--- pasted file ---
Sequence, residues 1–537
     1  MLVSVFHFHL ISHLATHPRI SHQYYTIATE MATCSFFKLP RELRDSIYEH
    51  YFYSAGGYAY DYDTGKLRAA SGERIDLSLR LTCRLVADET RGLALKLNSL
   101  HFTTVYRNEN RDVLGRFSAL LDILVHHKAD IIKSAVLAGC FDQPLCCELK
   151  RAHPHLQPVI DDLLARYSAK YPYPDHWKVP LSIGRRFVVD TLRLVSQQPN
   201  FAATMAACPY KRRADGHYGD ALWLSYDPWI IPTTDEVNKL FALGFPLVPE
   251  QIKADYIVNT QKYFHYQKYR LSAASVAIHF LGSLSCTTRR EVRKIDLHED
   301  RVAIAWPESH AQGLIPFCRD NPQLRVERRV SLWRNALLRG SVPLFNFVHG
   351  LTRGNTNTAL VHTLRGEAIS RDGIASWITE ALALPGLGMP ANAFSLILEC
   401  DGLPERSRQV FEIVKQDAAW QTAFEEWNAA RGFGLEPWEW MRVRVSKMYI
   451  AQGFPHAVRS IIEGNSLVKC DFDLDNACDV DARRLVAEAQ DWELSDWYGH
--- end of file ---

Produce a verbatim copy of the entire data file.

Sequence, residues 1–537
     1  MLVSVFHFHL ISHLATHPRI SHQYYTIATE MATCSFFKLP RELRDSIYEH
    51  YFYSAGGYAY DYDTGKLRAA SGERIDLSLR LTCRLVADET RGLALKLNSL
   101  HFTTVYRNEN RDVLGRFSAL LDILVHHKAD IIKSAVLAGC FDQPLCCELK
   151  RAHPHLQPVI DDLLARYSAK YPYPDHWKVP LSIGRRFVVD TLRLVSQQPN
   201  FAATMAACPY KRRADGHYGD ALWLSYDPWI IPTTDEVNKL FALGFPLVPE
   251  QIKADYIVNT QKYFHYQKYR LSAASVAIHF LGSLSCTTRR EVRKIDLHED
   301  RVAIAWPESH AQGLIPFCRD NPQLRVERRV SLWRNALLRG SVPLFNFVHG
   351  LTRGNTNTAL VHTLRGEAIS RDGIASWITE ALALPGLGMP ANAFSLILEC
   401  DGLPERSRQV FEIVKQDAAW QTAFEEWNAA RGFGLEPWEW MRVRVSKMYI
   451  AQGFPHAVRS IIEGNSLVKC DFDLDNACDV DARRLVAEAQ DWELSDWYGH